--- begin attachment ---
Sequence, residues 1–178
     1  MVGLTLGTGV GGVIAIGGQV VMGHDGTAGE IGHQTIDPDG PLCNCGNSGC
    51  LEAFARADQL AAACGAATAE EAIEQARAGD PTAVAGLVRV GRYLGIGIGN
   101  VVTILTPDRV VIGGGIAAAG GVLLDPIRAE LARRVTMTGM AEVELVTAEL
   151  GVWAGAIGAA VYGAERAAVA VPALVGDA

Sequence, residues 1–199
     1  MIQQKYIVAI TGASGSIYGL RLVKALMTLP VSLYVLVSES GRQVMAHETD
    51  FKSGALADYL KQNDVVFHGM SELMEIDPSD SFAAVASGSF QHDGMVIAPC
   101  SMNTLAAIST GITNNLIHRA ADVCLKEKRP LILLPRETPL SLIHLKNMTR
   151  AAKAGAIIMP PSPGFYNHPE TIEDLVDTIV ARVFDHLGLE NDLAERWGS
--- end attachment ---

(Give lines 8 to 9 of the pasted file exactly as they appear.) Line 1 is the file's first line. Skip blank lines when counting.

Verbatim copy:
    51  FKSGALADYL KQNDVVFHGM SELMEIDPSD SFAAVASGSF QHDGMVIAPC
   101  SMNTLAAIST GITNNLIHRA ADVCLKEKRP LILLPRETPL SLIHLKNMTR